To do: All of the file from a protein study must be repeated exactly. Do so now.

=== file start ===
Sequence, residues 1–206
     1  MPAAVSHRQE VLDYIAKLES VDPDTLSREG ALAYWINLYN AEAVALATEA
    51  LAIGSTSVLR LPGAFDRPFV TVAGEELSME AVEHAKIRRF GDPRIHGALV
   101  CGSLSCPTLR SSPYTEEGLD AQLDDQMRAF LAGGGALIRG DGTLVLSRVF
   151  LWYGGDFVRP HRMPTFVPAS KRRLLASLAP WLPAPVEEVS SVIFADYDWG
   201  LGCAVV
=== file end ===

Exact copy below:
Sequence, residues 1–206
     1  MPAAVSHRQE VLDYIAKLES VDPDTLSREG ALAYWINLYN AEAVALATEA
    51  LAIGSTSVLR LPGAFDRPFV TVAGEELSME AVEHAKIRRF GDPRIHGALV
   101  CGSLSCPTLR SSPYTEEGLD AQLDDQMRAF LAGGGALIRG DGTLVLSRVF
   151  LWYGGDFVRP HRMPTFVPAS KRRLLASLAP WLPAPVEEVS SVIFADYDWG
   201  LGCAVV